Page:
This article is dedicated to the memory of my late dissertation adviser, Harvey Goldberg (1922-1987).
[1.] Most work on Pannekoek to date has consisted largely of anthologies of his writings. The most important of these is Serge Bricianer's pioneering work, Pannekoek and the Workers' Councils (St. Louis 1978). Others include: D.A Smart (ed.), Pannekoek and Gorier's Marxism (London 1978); Cajo Brendel, Anton Pannekoek, Theoretikus van het Socialisme (Nijmegen 1970); Hans-Manfred Bock, Anton Pannekoek und Herman Gorter: Organisatie und Taktik der Proletarischen Revolutie (Frankfurt 1969). Pannekoek's own autobiography has appeared as Herinneringen (Amsterdam 1982). These works are supplemented by a number of short articles: Paul Mattick, 'Anton Pannekoek und die Weltrevolution', Jahrbuch Arbeiterbewegung, no.6 (Frankfurt 1979); Hans-Manfred Bock, 'Anton Pannekoek in der Vorkriegs-Sozialdemokratie', Jahrbuch Arbeiterbebvegung, no.3 (Frankfurt 1974); H. Schurer. 'Anton Pannekoek and the Origins of Leninism', The Slavonic and East European Review (June 1963).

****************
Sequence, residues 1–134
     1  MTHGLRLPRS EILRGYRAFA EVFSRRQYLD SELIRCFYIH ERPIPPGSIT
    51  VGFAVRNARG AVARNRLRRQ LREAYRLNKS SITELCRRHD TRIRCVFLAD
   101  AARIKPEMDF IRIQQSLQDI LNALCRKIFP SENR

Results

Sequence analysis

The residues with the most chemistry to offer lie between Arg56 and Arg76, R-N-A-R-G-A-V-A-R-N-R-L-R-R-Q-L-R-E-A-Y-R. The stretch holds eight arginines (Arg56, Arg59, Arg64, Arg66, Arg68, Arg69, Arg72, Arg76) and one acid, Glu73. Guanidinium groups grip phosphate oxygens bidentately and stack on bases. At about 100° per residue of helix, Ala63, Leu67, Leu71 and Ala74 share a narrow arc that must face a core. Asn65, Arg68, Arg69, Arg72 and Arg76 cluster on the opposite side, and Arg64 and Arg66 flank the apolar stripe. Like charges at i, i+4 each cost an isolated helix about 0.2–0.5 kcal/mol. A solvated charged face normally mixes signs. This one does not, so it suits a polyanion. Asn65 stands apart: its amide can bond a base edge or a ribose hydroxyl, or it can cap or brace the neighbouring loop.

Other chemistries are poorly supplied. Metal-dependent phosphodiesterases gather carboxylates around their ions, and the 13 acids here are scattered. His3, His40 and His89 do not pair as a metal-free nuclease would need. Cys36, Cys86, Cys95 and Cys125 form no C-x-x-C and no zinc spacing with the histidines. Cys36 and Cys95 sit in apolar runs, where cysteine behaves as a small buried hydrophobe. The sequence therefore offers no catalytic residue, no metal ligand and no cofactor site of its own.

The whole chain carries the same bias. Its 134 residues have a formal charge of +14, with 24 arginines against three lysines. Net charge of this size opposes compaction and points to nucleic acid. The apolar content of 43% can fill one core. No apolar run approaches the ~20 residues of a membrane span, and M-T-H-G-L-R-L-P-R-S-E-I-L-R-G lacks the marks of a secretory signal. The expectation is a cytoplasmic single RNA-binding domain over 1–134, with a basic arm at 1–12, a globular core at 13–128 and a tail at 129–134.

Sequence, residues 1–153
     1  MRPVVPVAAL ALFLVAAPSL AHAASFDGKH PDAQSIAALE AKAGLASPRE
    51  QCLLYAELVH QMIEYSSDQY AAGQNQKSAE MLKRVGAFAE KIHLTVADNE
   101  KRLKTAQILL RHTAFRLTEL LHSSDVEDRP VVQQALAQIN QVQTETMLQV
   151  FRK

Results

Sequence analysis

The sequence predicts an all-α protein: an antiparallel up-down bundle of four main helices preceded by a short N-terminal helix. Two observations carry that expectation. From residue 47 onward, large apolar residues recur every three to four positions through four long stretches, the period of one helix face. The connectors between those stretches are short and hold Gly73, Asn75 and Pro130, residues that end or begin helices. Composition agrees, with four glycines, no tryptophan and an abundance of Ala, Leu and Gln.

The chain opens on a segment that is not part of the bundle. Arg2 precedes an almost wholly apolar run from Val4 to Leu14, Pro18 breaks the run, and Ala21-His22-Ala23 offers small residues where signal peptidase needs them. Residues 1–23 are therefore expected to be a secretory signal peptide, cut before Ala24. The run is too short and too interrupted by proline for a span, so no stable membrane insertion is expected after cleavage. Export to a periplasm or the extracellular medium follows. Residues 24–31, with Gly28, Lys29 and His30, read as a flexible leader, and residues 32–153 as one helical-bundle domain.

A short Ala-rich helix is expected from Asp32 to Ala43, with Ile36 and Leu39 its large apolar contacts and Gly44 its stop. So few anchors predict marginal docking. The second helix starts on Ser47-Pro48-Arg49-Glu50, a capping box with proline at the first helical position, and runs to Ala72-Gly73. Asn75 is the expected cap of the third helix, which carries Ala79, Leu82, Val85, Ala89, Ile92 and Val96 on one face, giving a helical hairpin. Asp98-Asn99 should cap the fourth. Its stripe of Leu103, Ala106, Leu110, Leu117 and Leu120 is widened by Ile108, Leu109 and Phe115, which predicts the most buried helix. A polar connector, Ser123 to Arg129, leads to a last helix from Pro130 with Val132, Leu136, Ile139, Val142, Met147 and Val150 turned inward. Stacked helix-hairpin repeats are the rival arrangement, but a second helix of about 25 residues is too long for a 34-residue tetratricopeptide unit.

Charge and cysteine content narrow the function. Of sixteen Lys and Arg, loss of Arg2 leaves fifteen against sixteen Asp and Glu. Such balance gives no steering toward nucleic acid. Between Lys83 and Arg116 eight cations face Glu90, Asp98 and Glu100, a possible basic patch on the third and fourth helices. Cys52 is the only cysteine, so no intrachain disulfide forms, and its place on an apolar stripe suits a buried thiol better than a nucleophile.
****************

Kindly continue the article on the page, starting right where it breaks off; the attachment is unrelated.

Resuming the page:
[2.] For the examination of the influence of Dietzgen on Pannekoek's political development, see my essay. 'The Formation of Pannekoek's Marxism' in Serge Bricianer (ed.), Pannekoek and the Workers Councils, op. cit.
[3.] Pannekoek, 'Massenaktion und Revolution', Die Neue Zeit (1912). 11, 541-50, 585-93.609-16,
[4.] For a full discussion of the factional struggle in the SDAP, see Erik Hansen, 'Crisis in the Party: De Tribune Faction and the Origins of the Dutch Communist Party, 1907-9', Journal of Contemporary History, 11. 2-3 (April-July 1976). 43-64.